Fortune favors the prepared mind. –Louis Pasteur
By Lambert Strether of Corrente
I was going to take some pictures at a Winter Solstice bonfire last night and post them here — because there is a finance angle, I promise — but the organizers cancelled it because of the ice storm. So, herewith a picture of an alternative source of light and heat: My wood stove:
Nice to know I’ll still have heat if the power lines go down, from the weight of accreted ice, I hasten to add, not the collapse of Western civilization up here at the end of the supply chain.
Catching myself: “Down,” “weight,” “collapse,” “end” — it’s almost like I’m letting the cold and the dark get to me; only natural, since after all the Winter Solstice is the shortest day of the year. But look on the bright side: The days are only going to get longer from here on out, all the way out past the day planting season begins, so far into the future we might as well not even worry about the days getting shorter again, ever.
My favorite Christmas Carol is It Came Upon a Midnight Clear for the following lines:
From angels bending near the earth,
To touch their harps of gold
I love the image of the sky tearing open, and great shining beings leaning down through the rent; it’s more about the light than the music, with me. I’d include a YouTube, but the rendition I have in mind is my mother’s, as we would sing round the Steinway on Christmas Eve, and Bing Crosby (and Sinatra (and Ella Fitzgerald)) just don’t compare; they don’t soar, as angels should do. Gone the Steinway, gone my mother, gone the family, of course; ice and sleet ticking at my lit window….
Still, Naked Capitalism being a finance blog, we should remember the effects that the loss and regaining of light can have on us. From the Atlanta Fed [PDF]:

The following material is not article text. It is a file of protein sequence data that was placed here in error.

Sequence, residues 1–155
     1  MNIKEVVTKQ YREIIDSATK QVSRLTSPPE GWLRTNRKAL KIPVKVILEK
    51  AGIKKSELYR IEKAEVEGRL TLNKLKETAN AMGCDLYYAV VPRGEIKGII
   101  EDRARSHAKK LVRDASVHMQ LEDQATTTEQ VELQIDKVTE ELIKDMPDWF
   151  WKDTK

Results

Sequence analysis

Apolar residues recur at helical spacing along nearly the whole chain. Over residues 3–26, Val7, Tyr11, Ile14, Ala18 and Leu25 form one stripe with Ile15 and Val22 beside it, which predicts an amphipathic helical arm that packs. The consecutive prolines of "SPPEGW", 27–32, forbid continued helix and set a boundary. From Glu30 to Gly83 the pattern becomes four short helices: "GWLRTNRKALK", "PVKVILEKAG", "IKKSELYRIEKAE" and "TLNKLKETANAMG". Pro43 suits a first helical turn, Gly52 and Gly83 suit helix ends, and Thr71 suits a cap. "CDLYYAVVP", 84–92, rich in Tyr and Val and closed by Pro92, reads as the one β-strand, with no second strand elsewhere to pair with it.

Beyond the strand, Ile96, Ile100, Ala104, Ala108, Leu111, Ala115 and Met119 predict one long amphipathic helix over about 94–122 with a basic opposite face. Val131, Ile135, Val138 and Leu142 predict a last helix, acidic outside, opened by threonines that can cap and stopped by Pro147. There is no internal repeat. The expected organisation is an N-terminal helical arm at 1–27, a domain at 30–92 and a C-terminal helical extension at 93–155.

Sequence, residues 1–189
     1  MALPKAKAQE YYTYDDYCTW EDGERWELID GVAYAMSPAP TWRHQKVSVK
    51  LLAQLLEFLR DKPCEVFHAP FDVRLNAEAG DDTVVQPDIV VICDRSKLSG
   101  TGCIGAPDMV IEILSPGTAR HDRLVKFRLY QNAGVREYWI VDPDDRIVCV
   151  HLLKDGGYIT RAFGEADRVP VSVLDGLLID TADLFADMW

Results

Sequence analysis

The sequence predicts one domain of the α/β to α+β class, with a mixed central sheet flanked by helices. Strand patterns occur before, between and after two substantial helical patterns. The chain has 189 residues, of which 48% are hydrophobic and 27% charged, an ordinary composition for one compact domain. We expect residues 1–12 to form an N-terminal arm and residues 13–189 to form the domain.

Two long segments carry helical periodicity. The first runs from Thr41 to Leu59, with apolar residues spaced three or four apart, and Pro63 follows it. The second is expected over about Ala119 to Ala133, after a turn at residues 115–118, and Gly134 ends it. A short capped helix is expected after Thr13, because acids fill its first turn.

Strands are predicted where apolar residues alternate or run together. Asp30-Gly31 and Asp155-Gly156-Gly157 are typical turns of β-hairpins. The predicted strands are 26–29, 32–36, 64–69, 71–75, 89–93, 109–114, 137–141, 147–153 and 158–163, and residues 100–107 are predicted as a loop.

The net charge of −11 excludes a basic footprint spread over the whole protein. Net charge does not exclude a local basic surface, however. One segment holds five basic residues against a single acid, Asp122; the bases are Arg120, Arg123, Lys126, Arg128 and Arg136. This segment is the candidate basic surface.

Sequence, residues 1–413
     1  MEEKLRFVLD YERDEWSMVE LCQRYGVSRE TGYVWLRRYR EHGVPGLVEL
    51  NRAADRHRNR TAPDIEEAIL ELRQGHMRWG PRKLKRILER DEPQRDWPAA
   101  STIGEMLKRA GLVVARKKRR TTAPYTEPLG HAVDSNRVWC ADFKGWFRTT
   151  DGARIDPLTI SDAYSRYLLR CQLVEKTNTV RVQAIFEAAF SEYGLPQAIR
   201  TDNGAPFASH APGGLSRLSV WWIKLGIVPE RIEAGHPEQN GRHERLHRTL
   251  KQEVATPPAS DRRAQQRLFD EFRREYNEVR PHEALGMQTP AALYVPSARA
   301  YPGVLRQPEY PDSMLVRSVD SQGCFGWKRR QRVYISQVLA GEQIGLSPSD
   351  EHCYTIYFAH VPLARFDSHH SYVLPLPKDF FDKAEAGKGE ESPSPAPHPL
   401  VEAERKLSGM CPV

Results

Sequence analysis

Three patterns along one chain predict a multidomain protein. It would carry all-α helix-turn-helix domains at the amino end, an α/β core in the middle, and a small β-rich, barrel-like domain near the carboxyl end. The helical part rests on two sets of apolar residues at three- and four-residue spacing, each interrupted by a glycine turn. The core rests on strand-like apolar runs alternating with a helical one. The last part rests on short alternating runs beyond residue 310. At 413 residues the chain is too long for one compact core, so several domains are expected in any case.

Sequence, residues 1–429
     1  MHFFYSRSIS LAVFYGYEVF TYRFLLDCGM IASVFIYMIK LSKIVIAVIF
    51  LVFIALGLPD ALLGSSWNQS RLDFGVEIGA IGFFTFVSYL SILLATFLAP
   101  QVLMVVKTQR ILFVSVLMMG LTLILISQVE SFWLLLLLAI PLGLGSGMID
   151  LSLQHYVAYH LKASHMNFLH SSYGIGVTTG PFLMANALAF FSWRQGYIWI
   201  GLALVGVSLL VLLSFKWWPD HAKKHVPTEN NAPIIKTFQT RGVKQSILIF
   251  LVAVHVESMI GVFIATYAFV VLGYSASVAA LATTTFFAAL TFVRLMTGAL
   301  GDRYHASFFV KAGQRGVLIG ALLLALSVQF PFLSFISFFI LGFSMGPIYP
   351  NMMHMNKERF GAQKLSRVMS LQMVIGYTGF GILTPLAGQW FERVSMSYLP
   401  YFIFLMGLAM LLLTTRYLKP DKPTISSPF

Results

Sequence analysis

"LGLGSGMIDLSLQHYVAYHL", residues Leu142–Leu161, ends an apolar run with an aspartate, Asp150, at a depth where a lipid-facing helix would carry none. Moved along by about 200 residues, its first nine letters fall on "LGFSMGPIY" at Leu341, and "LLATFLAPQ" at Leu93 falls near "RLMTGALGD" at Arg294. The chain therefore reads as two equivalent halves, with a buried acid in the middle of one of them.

Winter Blues: A SAD Stock Market Cycle
Abstract: This paper investigates the role of seasonal affective disorder (SAD) in the seasonal time-variation of stockmarket returns. SAD is an extensively documented medical condition whereby the shortness of the days in fall and winter leads to depression for many people. Experimental research in psychology and economics indicates that depression, in turn, causes heightened risk aversion. Building on these links between the length of day, depression,and risk aversion, we provide international evidence that stock market returns vary seasonally with the length of the day, a result we call the SAD effect. Using data from numerous stock exchanges and controlling for well-known market seasonals as well as other environmental factors, stock returns are shown to be significantly related to the amount of daylight through the fall and winter. Patterns at different latitudes and in both hemispheres provide compelling evidence of a link between seasonal depression and seasonal variation in stock returns: Higher latitude markets show more pronounced SAD effects and results in the Southern Hemisphere are six months out of phase,as are the seasons. Overall, the economic magnitude of the SAD effect is large.
Remarkable that the Atlanta Fed wrote that; I thought only New Englanders like me got SAD. Let me close with a story about that may be useful to some of you. Back when I lived in Boston, I was taking the Red Line home over the Charles around 5:00 PM, in the dark, feeling tired, and cranky, and not exactly like there was an elephant’s foot on my heart, but burdened, and wondering why, why, and idly perusing a random article — no eye contact! — in Scientific American that’s so old I can’t find it online and which had a checklist for SAD symptoms, one of which was a craving for starch. And the light bulb went on: I’d just eaten a whole bag of Pepperidge Farm cookies. And I was suffering from all the other items on the checklist too! The kicker? I already knew I was prone to SAD, had known it for years. But it took a chance reading on the train to connect my own knowledge to my own experience. SAD, and its evil, monstrous cousin, depression, are indeed insidious and subtle adversaries. So take care of yourself, get plenty of light, and remember that the days are getting longer!
Oh yeah, I forgot about the whole birthday thing. But I think the pagans got this one right. Also too, full spectrum lamps, and so what about the placebo effect?